jensMay I ask what border-color actually is/means in 3D world?
The term sounds rather simple for my naive mind, but I guess there is a whole lot of magic considering it needs a separate extension...

When mapping from a texture (let's presume 2D texture) to a triangle (2D or 3D, but let's presume in 3D co-ordinate space), what happens when you go beyond the bounds of the texture? This can happen easily enough, and indeed can be used to great effect. It can also affect texture filtering (if you average over 4 texels, or points of the texture, then what happens on the edges and corners needs defining).

Often it's defined as treating the texture data beyond the limits of the texture as black, or white, or just repeat what's on the border of the texture. This extension allows that border colour to be defined to something else.

That's the hand-wavy simplified version of the what, but why the dedicated extension? Not all hardware supports it for a start. Some may be hard coded to black or white. Some may need it specified in a different manner - hardware, or extras tacked onto shaders. And then there's consideration of different colour spaces (CMYK vs RGBA). Vulkan doesn't just cover desktop hardware for gaming after all.

Thanks a lot for the great explanation. So in my own words that extension is mostly for defining (make sure it is fast and looks everywhere the same) sort-of currently undefined behavior?
mirv 4 May 2020 at 6:50 pm UTC
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jensThanks a lot for the great explanation. So in my own words that extension is mostly for defining (make sure it is fast and looks everywhere the same) sort-of currently undefined behavior?

To be more precise, adding different possible defined behaviour. Vulkan is much more tight on definitions, so what to do always had to be defined, this just gives more options of what to do. In a fast and looks everywhere the same manner.
jens 4 May 2020 at 6:59 pm UTC
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mirv
jensThanks a lot for the great explanation. So in my own words that extension is mostly for defining (make sure it is fast and looks everywhere the same) sort-of currently undefined behavior?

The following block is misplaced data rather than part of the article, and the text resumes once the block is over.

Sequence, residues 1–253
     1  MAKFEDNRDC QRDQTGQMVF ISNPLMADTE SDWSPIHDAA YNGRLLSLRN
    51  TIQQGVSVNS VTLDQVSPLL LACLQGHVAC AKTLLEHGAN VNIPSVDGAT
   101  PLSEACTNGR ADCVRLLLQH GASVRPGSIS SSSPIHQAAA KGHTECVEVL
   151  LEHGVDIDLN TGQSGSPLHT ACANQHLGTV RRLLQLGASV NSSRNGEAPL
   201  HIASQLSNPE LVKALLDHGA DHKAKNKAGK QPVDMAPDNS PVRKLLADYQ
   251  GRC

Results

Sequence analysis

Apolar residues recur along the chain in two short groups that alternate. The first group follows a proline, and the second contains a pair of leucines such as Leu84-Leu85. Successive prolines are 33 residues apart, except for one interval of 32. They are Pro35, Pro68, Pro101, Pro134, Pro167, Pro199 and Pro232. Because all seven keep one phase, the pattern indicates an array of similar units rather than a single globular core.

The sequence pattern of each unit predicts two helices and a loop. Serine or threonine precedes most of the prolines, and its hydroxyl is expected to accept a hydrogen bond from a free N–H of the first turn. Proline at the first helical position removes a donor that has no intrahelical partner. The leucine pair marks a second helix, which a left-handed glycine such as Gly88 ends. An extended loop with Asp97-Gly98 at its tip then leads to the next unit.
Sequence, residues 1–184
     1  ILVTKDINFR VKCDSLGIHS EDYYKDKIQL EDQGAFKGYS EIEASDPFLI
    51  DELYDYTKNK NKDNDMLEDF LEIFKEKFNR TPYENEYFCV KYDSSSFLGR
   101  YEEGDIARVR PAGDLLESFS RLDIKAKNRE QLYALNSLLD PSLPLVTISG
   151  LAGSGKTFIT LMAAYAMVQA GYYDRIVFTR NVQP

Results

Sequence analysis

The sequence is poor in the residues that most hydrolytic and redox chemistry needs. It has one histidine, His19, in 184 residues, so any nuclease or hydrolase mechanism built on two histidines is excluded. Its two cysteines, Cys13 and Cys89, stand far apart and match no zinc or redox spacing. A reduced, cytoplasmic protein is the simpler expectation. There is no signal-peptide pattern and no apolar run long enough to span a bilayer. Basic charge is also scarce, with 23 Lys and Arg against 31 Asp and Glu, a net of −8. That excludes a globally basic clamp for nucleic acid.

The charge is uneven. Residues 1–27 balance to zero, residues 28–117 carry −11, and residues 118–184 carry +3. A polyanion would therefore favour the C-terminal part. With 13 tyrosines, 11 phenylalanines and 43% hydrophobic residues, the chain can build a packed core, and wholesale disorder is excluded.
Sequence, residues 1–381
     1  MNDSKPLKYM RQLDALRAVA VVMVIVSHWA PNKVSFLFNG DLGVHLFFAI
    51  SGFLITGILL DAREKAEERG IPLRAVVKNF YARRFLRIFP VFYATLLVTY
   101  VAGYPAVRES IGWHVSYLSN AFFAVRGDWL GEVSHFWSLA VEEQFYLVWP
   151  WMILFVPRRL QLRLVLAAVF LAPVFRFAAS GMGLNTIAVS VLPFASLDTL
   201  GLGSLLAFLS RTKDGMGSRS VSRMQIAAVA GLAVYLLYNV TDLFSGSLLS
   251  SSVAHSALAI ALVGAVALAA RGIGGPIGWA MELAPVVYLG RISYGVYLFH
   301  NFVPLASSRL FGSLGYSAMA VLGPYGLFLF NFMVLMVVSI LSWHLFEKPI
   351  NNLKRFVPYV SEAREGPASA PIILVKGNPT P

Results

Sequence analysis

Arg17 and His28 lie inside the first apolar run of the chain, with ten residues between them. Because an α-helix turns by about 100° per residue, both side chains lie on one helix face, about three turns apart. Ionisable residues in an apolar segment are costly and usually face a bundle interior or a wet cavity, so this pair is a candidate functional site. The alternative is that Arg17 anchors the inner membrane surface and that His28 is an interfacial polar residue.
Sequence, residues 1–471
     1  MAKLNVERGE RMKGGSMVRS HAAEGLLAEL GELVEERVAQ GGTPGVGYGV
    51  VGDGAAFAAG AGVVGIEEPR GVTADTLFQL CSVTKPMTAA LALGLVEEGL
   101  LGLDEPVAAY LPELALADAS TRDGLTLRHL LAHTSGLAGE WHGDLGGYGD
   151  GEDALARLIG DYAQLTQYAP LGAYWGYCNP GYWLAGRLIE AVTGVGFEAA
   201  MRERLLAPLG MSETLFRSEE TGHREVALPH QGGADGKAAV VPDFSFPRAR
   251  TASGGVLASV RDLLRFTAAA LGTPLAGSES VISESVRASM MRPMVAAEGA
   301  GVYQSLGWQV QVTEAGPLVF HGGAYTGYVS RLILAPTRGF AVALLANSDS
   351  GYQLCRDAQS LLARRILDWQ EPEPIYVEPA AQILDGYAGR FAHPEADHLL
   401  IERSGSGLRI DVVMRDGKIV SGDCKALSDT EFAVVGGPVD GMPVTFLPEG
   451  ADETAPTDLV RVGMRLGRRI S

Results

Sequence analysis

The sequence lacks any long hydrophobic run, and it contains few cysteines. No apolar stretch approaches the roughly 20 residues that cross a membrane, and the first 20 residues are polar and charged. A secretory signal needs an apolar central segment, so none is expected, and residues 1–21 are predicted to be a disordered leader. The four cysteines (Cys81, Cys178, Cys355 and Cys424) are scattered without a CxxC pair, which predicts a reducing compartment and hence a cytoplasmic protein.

To be more precise, adding different possible defined behaviour. Vulkan is much more tight on definitions, so what to do always had to be defined, this just gives more options of what to do. In a fast and looks everywhere the same manner.

Got it, thanks again!
mrdeathjr 4 May 2020 at 7:19 pm UTC
d9vk still works in this driver version and dxvk possible use various of this new extensions in future releases



YoRHa-2B 4 May 2020 at 7:26 pm UTC
mirvbut why the dedicated extension? Not all hardware supports it for a start.
Desktop hardware supports it, all other graphics APIs support it, and it makes our lives significantly easier, since the only real alternative would be to patch shader code on the fly based on the bound samplers, making one of the most basic operations - texture sampling - unnecessarily complicated and adding a lot of extra overhead.

Not everyone is super happy to keep adding legacy features to the API, but they aren't really going away any time soon, especially since Microsoft keeps supporting pretty much everything they ever came up with in D3D12.

Edit: Might have read your comment wrong, but leaving this here for extra info anyway.


Last edited by YoRHa-2B on 4 May 2020 at 8:23 pm UTC
alejandro-bringas 4 May 2020 at 10:06 pm UTC
Comandante ÑoñardoIs there an easy way to install it on Ubuntu?

is easy, open a cli mode, CTRL + ALT + F2/F3, Uninstall the previous driver with purge, and now go to where your driver to install is, and run it with this flag --dkms